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With Luck, the Dodgers Won’t Crash

The Dodgers have a new face, and it is dabbed in Clearasil.

The Dodgers have a new voice, and it speaks in megabytes.

Meet General Manager.Com, otherwise known as Paul DePodesta, a 31-year-old computer nerd who was hired Monday to rid the Dodgers of their, um, virus.

“I’ll admit, there’s some boldness to this,” said owner Frank McCourt. “But that’s exactly what we need to do to change things around here.”

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Change it they have, from Branch Rickey to Little Rickey, from Buzzie Bavasi to Bill Gates, from wise old men who trusted effort to a kid who relies on ... equations?

For the last four seasons, DePodesta has essentially been the webmaster for that funky site known as the Oakland Athletics.

Billy Beane was the general manager, DePodesta was the statistics cruncher, and together they built a team that overachieved during the season but crumbled in the playoffs, spreadsheets being unable to judge heart.

That DePodesta would be ready for a challenge such as the Dodgers is the wacky stuff of chat rooms and message boards, which, not coincidentally, is where McCourt received his final approval.

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He said Gavin, his 13-year-old son, was browsing through a sports board when he saw eight pages of discussions about DePodesta that included one poster’s comparing his potential hire to that of the New York Yankees’ acquisition of Alex Rodriguez.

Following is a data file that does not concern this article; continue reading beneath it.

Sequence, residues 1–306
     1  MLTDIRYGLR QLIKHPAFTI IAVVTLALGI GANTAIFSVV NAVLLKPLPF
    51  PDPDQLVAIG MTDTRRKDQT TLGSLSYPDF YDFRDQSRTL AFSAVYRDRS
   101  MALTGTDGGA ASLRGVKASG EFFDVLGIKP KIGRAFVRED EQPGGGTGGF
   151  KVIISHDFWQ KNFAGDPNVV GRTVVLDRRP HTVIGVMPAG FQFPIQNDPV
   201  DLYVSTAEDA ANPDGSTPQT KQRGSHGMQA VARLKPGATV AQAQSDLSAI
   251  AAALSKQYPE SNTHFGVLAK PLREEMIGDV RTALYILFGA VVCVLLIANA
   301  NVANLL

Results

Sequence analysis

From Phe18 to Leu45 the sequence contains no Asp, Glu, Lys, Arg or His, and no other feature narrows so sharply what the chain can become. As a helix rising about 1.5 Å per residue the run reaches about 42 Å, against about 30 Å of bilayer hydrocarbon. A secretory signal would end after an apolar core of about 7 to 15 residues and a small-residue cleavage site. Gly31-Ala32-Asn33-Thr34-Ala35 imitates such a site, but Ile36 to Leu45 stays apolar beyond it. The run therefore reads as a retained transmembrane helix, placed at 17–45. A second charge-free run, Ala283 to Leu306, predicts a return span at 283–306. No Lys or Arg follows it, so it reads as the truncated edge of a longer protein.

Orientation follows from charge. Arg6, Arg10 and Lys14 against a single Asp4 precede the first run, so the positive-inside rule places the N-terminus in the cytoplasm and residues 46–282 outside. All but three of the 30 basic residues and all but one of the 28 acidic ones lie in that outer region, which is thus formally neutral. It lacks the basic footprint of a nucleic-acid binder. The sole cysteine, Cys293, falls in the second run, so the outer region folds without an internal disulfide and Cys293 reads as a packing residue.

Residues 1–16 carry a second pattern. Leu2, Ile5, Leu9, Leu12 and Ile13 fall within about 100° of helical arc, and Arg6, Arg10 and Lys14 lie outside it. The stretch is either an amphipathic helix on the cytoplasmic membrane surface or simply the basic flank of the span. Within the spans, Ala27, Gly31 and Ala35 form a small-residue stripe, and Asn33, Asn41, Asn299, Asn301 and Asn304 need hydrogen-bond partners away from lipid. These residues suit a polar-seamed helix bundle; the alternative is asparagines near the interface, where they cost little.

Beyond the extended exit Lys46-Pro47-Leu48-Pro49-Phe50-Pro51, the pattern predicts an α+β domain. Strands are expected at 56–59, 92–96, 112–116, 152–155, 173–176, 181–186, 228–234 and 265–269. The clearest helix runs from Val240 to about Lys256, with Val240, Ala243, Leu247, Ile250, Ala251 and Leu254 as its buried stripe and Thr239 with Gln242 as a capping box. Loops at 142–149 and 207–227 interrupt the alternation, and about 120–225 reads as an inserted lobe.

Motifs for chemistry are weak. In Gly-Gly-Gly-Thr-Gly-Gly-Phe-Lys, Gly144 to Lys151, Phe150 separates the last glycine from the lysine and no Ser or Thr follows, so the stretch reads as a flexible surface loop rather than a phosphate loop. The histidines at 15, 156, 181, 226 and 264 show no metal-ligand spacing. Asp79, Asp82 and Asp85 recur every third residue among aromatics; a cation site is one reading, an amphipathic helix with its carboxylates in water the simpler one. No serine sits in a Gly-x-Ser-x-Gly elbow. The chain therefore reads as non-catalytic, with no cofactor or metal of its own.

“I found this to be a clear choice, if not an easy one,” McCourt said.

Given the abundance of certain names on the Internet these days, I guess the Dodgers should be fortunate their new general manager isn’t Paris Hilton.

Seriously, McCourt seems sincere about changing the Dodger culture, and DePodesta, a Harvard graduate who seems sufficiently earnest and humble, might fit that mode.

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But, c’mon.

I’ve eaten Dodger Dogs that were older than this kid.

He watched the last Dodger playoff victories from boarding school.

And, like McCourt, he had never been to Dodger Stadium.

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At this rate, the Dodgers need not a hitting coach, but a tour guide.

And their dear fans, patient for so long, may have to dig a little deeper.

“This place has tried quick fixes, they don’t work,” McCourt said. “This is about stability and continuity.”

No offense, but it’s hard to use those two words about two guys who haven’t even moved here yet.

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And nothing against DePodesta, but it’s hard to watch what was once baseball’s most prestigious operation become an entry-level position.

I’m so old, I remember when all the Dodger rookies used to be in the dugout.

DePodesta is a nice kid and all, but isn’t it a bit disconcerting when the new baseball boss of the Dodgers meets Tom Lasorda for the first time on the morning he is hired?

It would seem you could count the number of baseball people who have never met Lasorda on one glove, and you would wonder where they were hiding.

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“I really liked him for two reasons,” Lasorda said. “He’s Italian, and he grew up in Philadelphia.”